A flash-fire inside a permit-required confined space at a hydroelectric plant in a remote mountain location killed five and injured three workers. Industrial painting contractors were in the initial stages of recoating the 466-m steel portion of a 1,311-m enclosed penstock tunnel with an epoxy coating product. Shortly after the epoxy application commenced, the work crew experienced problems with the spraying process, resulting in poor coating quality. Spraying was terminated and the crew began cleaning the sprayer system equipment with a flammable solvent, methyl ethyl ketone (MEK) to remove epoxy residue before taking the equipment out of the penstock. During this cleaning operation, MEK vapours inside one of the two epoxy hoppers ignited, likely from a static spark, and flashed. The resulting fire grew quickly, consuming several other open containers of MEK (about 60 L) and numerous buckets of epoxy material positioned around the sprayer. Four crew members positioned on the side of the fire nearest the single exit evacuated the penstock, although three were later treated for injuries: one received minor burns, one fractured his arm, and another suffered breathing difficulties. Five additional crew members trapped opposite the exit were unable to evacuate due to the fire and narrow configuration of the penstock.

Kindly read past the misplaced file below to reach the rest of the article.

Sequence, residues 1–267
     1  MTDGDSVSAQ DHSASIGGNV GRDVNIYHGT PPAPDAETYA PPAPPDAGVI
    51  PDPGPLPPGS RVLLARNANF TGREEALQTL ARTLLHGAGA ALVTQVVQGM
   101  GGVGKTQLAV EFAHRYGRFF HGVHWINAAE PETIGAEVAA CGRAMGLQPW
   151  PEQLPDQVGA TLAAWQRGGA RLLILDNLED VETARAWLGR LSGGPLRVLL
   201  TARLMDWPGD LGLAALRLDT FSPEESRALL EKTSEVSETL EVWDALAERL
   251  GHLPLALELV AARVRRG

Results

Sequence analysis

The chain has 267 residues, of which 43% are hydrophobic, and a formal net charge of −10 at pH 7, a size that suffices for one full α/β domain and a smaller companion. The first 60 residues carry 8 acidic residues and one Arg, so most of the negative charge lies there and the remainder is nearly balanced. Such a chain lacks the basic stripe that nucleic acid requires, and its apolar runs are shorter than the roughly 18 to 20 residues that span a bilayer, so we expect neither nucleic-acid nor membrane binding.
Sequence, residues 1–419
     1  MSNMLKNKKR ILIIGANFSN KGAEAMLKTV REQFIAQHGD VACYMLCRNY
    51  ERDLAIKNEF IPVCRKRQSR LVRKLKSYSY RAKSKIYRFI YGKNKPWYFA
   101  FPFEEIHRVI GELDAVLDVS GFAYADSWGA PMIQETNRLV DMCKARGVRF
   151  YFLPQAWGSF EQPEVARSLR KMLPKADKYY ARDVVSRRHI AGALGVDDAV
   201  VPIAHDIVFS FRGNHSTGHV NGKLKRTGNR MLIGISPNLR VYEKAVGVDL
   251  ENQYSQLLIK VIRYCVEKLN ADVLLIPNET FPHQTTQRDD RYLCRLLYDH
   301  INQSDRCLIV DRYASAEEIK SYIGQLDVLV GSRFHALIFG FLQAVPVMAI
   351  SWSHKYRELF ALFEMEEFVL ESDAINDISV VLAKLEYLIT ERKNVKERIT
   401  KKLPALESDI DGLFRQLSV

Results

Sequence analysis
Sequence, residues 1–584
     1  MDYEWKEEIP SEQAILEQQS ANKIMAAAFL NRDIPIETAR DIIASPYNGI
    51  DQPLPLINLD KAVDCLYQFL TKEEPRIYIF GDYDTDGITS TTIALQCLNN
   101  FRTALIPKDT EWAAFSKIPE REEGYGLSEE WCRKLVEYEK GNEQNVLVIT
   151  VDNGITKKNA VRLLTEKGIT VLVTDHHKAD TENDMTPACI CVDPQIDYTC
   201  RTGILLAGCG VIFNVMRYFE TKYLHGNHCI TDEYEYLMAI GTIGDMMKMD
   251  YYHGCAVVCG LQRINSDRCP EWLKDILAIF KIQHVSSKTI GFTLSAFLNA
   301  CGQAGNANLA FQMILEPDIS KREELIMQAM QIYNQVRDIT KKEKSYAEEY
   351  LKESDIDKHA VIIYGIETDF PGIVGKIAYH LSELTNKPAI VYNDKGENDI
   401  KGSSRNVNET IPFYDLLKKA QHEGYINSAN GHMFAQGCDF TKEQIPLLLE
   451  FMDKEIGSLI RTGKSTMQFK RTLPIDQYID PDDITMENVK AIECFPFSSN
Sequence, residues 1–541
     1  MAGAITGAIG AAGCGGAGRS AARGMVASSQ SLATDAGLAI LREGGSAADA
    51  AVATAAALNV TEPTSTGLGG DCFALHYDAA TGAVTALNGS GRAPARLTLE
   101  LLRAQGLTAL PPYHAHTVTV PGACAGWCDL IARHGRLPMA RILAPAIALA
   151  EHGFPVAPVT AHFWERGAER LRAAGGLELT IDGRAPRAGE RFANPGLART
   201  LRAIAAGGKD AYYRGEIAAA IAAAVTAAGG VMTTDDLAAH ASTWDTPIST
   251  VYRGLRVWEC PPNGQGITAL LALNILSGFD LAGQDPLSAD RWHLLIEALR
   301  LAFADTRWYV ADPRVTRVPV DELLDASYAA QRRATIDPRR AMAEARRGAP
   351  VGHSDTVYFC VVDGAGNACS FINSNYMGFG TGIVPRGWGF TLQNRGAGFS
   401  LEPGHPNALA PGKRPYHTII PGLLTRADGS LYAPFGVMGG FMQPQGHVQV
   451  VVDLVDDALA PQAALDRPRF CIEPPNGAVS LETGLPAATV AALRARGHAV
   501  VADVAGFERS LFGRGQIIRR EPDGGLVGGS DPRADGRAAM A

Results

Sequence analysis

Fourteen community emergency response teams responded to the incident, but due to poor organisation (no certified confined space rescue responders neither on site nor in the state of Colorado) and initial information, the rescue could not respond in due time. The 5 trapped workers communicated using handheld radios with co-workers and emergency responders for approximately 45 minutes before succumbing to smoke inhalation.
The investigation carried out by the US chemical safety board (CSB) found that a number of safety issues contributed to the accident, including a lack of planning for hazardous work, inadequate contractor selection and oversight, and insufficient regulatory standards pertaining to the use of flammables within confined spaces. Indeed, no hazard evaluation of the epoxy recoating work had been carried out and the company and its contractor failed to identify serious safety hazards involving use of flammable liquids within the confined space. The company used a confined space permit established for abrasive blasting without re-evaluating the hazards related to coating operations. Effective controls were not evaluated or implemented during their pre-job safety planning, such as substituting MEK with a non-flammable solvent. Furthermore, the majority of subcontractors had not received comprehensive formal safety training.
Finally, the contractor had been hired primarily on low price despite the lowest ranking from a technical, quality and safety perspective.